Caesar's first important political success came in 63 B. Caesar was then elected praetor an elected Roman official for 62 B.
Although he did not rule for long, he gave Rome fresh hope and a whole dynasty of emperors. Dangerous times Born into an aristocratic family in around BC, Julius Caesar grew up in dangerous times. Rome could not yet handle its own size and power.
The nobility were widely discredited and order had given way to chaos. The only clear alternative was military dictatorship.
Caesar allied himself against the nobility. As his career took off, he won a number of political offices, not always by reputable means. By 63 BC, he had become a well-known, but controversial figure.
Viva Espana Despite his notoriety, he was appointed governor of Farther Spain. This was a lucrative position, because it offered him the chance to plunder the local inhabitants at will. He returned to Rome in 60 BC and, the following year, was elected consul, the highest office in the republic.
Now holding real power, Caesar allied himself with two key people, Pompey and Crassus. Pompey was a war hero who had been badly treated by the Senate, while Crassus was a multimillionaire.
This was unpopular, so to get the measure through he engineered a riot and used the chaos to get his own way. He then used his power to secure the governorship of Gaul modern day France and Belgium.
Gaul gave Caesar a power-base to recruit soldiers and conduct the military campaigns that would make his name and secure his fortune.
When battling foreign enemies, Caesar was ruthless. Besieging rebels in what is now the Dordogne part of France, he waited until their water supply ran out and then cut off the hands of all the survivors.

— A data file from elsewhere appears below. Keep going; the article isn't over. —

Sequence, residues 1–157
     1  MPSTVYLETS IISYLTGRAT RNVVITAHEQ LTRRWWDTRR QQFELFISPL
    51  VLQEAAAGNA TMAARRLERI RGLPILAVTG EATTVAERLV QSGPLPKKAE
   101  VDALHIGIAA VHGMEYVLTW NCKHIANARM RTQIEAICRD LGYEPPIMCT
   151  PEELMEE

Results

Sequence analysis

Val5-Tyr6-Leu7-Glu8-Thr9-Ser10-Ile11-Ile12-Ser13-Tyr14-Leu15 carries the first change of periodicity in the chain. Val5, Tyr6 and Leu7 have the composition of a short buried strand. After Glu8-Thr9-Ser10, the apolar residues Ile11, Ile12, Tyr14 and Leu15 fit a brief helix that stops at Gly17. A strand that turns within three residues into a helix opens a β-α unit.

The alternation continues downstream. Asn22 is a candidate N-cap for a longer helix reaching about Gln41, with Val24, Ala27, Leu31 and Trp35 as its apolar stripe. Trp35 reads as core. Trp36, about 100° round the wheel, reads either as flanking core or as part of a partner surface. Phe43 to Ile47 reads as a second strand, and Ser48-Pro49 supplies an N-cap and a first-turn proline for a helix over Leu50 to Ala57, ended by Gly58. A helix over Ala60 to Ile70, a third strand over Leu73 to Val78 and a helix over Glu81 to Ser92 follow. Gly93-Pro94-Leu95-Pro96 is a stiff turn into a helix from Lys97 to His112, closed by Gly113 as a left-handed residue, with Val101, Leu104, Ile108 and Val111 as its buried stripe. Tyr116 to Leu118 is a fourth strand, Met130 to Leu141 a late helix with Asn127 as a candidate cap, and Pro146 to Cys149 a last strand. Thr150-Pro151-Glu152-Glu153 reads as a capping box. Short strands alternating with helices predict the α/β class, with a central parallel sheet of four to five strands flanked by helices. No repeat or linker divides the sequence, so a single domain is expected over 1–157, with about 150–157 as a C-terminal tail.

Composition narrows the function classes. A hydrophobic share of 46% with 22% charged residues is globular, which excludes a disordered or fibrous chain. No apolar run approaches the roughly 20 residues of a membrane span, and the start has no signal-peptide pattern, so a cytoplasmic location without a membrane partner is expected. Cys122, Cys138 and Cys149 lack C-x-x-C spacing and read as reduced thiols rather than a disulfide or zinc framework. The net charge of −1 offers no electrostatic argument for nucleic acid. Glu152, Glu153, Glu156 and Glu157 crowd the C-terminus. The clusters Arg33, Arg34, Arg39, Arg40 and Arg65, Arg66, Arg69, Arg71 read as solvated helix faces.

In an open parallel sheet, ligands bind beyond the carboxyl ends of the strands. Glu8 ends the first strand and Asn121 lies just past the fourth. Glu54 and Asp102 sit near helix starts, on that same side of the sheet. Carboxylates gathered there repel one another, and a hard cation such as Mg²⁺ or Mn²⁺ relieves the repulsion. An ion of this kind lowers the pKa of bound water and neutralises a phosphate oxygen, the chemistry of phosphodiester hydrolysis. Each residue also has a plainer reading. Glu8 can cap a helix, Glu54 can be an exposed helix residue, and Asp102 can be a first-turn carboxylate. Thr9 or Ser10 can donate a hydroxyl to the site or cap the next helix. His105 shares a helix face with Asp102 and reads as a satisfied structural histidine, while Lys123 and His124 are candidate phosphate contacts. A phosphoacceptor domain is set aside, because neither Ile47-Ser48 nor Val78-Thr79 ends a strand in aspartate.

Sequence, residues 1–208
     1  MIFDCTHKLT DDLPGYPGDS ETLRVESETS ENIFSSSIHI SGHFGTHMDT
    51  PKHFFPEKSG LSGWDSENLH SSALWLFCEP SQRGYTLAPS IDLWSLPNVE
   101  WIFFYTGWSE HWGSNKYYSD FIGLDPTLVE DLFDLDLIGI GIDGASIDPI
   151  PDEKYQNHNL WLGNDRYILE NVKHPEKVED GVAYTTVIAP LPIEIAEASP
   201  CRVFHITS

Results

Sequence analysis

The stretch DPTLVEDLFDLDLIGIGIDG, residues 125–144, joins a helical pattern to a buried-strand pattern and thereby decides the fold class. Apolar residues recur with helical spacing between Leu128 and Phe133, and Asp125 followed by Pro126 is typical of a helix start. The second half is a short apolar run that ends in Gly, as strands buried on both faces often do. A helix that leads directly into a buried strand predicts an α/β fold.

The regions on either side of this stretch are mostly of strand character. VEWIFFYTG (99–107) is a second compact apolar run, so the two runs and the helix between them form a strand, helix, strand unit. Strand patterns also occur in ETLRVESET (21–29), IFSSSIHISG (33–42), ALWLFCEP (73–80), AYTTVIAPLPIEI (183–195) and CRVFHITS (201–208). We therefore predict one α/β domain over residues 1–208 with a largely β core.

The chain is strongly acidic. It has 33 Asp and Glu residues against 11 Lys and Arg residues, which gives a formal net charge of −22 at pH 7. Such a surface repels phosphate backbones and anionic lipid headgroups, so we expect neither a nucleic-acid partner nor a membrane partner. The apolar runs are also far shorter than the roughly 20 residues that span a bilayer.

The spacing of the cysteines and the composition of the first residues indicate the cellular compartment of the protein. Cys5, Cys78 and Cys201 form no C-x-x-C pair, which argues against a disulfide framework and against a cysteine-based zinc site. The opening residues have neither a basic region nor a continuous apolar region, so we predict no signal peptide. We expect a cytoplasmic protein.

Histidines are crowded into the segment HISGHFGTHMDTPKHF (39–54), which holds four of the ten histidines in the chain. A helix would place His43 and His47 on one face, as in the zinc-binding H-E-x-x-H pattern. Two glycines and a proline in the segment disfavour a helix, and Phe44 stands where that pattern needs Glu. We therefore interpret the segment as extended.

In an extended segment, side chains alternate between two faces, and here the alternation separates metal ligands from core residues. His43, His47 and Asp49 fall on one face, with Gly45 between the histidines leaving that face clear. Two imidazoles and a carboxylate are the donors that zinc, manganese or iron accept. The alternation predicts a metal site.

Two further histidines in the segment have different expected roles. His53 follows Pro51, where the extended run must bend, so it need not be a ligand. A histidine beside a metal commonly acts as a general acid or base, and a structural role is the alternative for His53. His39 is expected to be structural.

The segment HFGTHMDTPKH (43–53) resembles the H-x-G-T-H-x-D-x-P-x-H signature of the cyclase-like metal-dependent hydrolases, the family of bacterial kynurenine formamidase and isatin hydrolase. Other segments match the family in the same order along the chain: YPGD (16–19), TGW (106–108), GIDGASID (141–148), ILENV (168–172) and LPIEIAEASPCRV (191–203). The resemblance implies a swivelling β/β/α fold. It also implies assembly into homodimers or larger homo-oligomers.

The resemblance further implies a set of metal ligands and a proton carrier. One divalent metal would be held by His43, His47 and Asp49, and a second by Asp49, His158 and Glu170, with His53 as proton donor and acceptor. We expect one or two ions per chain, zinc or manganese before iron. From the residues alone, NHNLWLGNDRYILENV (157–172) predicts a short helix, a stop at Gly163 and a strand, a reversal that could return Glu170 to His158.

Under threat back home He now turned his attention back home. His triumvirate was badly strained.
After Crassus was killed in battle, Pompey and Caesar drifted apart, ultimately finding themselves on opposing sides. By now, Caesar was very successful, but he had many enemies and found his position and his life under threat.
He believed the only way he could protect himself was by seizing power. Civil war Caesar scored some early victories and, by 46 BC, was dictator of Rome.
After a year spent eliminating his remaining enemies, he returned home. Generous in victory, he was kind to his defeated rivals, giving them all amnesties and even inviting some to join him in government.
Yet his position remained insecure. Without a son of his own, he needed an heir. Caesar quickly adopted his great nephew, Augustus.Many consider Augustus to be Rome's greatest emperor; his policies certainly extended the Empire's life span and initiated the celebrated Pax Romana or Pax Augusta.
The Roman Senate wished subsequent emperors to "be more fortunate than Augustus and better than Trajan". Augustus was intelligent, decisive, and a shrewd politician, but he was not perhaps as charismatic as Julius Caesar, and was influenced .
Watch video · Julius Caesar (c. July 12 or 13, BC to March 15, 44 BC) was a politically adept and popular leader of the Roman Republic who significantly transformed what became known as the Roman Empire by greatly expanding its geographic reach and establishing its imperial system.
Caesar's uncle was Gaius Marius, a famous war hero known for reorganizing the Roman army.
The date of Caesar's death, March 15th, is also called the Ides of March. While in Egypt he fell in love with the queen of Egypt, Cleopatra.
Gaius Julius Caesar (July BC – 15 March 44 BC) was a military commander, politician and author at the end of the Roman Republic.   Caesar became a member of the First Triumvirate and when that broke up he fought a civil war against Pompey the Great.
Augustus (Latin: Imperator Caesar Dīvī Fīlius Augustus; 23 September 63 BC – 19 August 14 AD) was the first Roman Emperor, ruling from 27 BC until his death in AD He led Rome in its transition from the Roman Republic to the Roman Empire.
First, Gaius Julius Caesar wasn’t ever an emperor, he was elected Proconsul of Rome and was made Dictator for Life by the Senate.
The Roman Empire came into existence when his adopted son, Octavian. who later changed his name to Augustus, decreed that the Republic was now an Empire.